The Prophet Ezekiel

The Iconography

Most often Ezekiel is pictured along with other prophets, for example in Nativities and among the prophets lining cathedral façades. Sometimes one can distinguish him from the other prophets if he has a scroll with a quotation from his prophecies. A common choice is Non abscondam ultra faciem meam ab eis, "I will hide my face no more from them" (39:29). A quotation relevant to Nativities is Porta haec clausa erit, non aperietur, et vir non transibit in ea, "This gate shall be shut, it shall not be opened, and no man shall pass through it" (44:2). It was thought that this was a prophecy of the virgin birth.

Ezekiel's mantle is sometimes pulled up over his head. Like the other prophets he is almost always pictured with a fairly long gray beard.

In Ezekiel 1:1-28 the prophet sees a fiery chariot. In most images the Lord is guiding the chariot, but in the vision he is above in Heaven. The chariot will look different from one image to the next because the literary description gives little guidance, but if it is on fire the man kneeling before it is most likely Ezekiel.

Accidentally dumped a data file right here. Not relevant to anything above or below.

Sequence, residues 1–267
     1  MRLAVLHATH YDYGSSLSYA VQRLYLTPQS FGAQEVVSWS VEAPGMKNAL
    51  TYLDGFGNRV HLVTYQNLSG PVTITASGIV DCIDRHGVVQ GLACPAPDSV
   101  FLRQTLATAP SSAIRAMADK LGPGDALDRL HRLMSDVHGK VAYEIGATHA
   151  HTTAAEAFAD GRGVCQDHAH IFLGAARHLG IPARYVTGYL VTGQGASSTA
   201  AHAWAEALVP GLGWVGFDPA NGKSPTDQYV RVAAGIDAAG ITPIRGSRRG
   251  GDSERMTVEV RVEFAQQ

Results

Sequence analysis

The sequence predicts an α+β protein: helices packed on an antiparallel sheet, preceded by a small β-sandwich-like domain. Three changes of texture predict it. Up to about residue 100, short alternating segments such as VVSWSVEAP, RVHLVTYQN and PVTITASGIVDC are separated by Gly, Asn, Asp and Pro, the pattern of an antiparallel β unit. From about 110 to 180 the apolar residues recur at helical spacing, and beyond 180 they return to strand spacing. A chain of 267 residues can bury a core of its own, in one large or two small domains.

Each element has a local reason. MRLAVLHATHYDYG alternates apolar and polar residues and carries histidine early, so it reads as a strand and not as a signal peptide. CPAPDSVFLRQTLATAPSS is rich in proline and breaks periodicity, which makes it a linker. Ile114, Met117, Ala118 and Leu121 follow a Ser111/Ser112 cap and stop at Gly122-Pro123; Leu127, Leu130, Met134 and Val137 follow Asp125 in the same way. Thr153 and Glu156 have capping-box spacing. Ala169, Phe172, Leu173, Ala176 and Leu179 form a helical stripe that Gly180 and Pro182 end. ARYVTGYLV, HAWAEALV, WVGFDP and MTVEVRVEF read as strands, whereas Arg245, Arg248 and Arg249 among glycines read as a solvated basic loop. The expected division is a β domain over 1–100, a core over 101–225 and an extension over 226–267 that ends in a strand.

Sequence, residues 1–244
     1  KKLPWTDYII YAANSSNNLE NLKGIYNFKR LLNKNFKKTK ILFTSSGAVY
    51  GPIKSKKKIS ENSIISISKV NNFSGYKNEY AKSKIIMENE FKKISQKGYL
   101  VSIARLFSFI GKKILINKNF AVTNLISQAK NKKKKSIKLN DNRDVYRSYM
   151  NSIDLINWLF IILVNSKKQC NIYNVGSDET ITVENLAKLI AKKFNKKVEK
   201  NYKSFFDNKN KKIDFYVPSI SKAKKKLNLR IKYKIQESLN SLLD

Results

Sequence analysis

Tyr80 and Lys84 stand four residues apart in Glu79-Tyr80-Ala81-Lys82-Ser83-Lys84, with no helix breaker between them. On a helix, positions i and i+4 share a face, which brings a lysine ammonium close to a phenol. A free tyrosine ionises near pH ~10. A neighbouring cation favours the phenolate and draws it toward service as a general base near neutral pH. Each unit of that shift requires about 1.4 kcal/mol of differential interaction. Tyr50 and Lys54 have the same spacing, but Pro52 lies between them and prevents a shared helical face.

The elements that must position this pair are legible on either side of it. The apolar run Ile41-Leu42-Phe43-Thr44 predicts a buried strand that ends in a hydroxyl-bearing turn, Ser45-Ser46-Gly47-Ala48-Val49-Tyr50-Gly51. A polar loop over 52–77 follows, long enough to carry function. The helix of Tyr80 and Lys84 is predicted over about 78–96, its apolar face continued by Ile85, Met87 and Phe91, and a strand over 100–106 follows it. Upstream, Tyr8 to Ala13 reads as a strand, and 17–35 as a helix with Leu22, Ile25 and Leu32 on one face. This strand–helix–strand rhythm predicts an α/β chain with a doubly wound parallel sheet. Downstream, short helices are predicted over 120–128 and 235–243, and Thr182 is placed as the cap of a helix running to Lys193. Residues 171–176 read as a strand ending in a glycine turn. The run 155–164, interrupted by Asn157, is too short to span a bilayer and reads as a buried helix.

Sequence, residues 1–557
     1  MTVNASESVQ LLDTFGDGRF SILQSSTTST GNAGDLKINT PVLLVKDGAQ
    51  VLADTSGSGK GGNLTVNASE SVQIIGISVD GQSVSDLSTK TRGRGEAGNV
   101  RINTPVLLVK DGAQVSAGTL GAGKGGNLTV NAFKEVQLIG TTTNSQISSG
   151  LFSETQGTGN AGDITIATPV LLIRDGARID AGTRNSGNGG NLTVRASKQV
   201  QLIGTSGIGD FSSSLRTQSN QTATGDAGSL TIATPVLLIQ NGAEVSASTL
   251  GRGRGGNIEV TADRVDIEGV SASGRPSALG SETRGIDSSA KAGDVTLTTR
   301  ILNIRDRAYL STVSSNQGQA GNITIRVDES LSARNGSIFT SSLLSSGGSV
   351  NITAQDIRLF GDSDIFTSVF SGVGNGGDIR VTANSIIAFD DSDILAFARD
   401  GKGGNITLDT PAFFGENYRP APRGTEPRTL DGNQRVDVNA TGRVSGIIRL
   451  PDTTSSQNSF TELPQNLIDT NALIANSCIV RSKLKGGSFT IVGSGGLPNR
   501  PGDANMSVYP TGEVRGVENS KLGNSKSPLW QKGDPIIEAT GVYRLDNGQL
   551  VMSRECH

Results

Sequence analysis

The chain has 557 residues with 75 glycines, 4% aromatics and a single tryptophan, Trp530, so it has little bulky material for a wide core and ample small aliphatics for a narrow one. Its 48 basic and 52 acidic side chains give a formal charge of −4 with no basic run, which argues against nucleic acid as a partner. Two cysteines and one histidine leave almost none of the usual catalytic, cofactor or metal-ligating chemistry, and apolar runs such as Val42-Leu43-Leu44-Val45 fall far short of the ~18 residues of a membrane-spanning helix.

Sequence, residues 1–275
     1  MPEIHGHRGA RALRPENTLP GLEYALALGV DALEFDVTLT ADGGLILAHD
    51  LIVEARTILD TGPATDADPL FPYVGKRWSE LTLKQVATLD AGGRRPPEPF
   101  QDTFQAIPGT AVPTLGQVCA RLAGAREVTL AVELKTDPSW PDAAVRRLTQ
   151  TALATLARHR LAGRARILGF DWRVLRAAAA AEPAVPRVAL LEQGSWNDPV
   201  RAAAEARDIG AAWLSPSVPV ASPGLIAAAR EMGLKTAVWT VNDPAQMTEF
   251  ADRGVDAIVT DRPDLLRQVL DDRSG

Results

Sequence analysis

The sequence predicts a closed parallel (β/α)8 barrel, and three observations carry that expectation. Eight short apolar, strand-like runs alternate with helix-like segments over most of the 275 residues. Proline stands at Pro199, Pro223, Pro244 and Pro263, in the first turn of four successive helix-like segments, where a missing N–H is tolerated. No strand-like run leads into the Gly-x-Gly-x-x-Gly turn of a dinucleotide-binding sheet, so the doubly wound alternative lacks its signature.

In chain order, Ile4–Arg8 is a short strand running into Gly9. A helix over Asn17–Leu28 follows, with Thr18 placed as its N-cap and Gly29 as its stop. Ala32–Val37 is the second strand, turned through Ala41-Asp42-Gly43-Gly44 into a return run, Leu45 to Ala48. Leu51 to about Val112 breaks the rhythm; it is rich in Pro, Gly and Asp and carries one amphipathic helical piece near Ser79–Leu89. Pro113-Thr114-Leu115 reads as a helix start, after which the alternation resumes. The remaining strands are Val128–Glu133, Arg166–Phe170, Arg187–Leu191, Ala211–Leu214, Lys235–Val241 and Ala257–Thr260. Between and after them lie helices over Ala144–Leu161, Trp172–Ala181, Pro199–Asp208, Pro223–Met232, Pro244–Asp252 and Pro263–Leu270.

Another subject seen from time to time is Ezekiel's preaching to the Valley of Dry Bones. This was pictured as early as the 3rd and 4th centuries and is the subject of a large fresco in the cathedral at Orvieto.1

Prepared in 2016 by Richard Stracke, Emeritus Professor of English, Augusta University



Ezekiel stands in the right panel of this triptych. The scroll bears his prophecy of the virgin birth. The dark beard and bald head are not often seen in portraits of this prophet. See the description page for details.


An Orthodox icon of Ezekiel kneeling before God on the fiery chariot – See the description page

The chariot in a fresco at Pomposa Abbey – See the description page

13th century illumination – See the description page


1 See Duchet-Suchaux, 145; Macaulay-Lewis; and my page on the Ezekiel Sarcophagus.